I recently found out my ex-wife was married before we married. Is my second marriage proper?



I was married to a woman I recently discovered was married previously. She never told me that she was married, for if she had, I would not have married her. In less than a year, she divorced me for irreconcilable differences. About two years later, I married again. My wife and I have been married for over five years, serving the Lord together and have children together. My wife has never been married before me.

  1. I married a previously married woman unknowingly
  2. She divorced me, I didn't divorce her
  3. I married my current wife, who has never been married before and we are still married.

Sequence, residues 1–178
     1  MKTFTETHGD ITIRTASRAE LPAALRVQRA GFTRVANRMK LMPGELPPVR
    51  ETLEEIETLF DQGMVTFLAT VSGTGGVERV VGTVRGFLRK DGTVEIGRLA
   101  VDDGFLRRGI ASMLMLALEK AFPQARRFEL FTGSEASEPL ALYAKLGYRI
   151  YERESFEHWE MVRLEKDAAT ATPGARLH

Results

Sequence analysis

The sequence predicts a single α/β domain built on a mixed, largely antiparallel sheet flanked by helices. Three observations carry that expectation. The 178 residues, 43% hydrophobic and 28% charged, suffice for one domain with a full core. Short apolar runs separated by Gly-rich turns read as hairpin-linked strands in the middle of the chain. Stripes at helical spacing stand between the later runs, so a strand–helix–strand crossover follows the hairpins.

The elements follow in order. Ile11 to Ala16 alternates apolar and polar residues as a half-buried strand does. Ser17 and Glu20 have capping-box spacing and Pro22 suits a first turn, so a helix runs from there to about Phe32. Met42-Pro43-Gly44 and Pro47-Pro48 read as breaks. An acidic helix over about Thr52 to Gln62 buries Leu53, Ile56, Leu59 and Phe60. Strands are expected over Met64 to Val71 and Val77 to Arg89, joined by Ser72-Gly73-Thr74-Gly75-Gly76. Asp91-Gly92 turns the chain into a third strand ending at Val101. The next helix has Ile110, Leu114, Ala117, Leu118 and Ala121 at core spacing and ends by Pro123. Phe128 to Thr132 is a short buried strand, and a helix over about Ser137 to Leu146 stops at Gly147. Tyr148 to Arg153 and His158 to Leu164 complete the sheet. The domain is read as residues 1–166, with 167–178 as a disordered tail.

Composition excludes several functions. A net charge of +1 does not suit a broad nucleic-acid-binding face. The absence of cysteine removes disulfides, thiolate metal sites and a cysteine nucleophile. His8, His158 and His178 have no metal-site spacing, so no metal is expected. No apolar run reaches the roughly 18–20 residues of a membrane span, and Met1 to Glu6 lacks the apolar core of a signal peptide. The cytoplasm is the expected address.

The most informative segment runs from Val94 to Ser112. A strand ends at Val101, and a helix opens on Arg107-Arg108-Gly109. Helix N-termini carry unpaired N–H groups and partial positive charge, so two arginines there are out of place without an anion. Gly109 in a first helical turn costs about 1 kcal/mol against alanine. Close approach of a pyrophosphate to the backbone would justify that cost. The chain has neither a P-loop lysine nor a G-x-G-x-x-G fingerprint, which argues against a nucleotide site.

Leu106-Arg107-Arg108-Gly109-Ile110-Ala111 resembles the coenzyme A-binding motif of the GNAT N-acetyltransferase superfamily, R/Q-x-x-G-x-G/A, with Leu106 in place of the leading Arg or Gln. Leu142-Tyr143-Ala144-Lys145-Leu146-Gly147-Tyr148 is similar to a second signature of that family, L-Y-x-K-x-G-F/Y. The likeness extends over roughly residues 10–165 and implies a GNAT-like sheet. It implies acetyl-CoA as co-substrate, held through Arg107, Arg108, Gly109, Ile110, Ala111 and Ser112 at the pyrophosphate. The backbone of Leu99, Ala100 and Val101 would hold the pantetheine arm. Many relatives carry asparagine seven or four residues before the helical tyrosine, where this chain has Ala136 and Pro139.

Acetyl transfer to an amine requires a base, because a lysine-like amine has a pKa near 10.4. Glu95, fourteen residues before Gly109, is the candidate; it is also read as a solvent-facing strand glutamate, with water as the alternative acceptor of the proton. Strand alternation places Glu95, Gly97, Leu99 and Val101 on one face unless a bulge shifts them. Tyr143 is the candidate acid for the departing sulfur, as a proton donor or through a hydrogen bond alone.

4. Also, just to clarify, in the first marriage, I had never been married before.

My question: According to Jesus Christ the Lord, a man who divorces his wife and marries another commits adultery. I never divorced my ex-wife. Secondly, my ex-wife was the wife of another man and again, she divorced me. So I neither fit the model for the man who puts his wife away to marry another (committing adultery), nor the man who is still in a marriage with a woman divorced or who divorced her husband (also adultery). The wife I am married to now, has never been married, as I am her first husband. So does that make our marriage adulterous?  How is this situation looked upon by God? I know the Lord to be merciful and understanding of all manner of human conditions, as I also know His word will not bend for us, we must yield to it. I have studied the Scriptures intensely on this, but I find nothing that directly addresses this specific situation or alludes to it. My wife and I both hear the voice of the Holy Spirit, and have never been instructed or convicted by the Lord to divorce one another for adultery.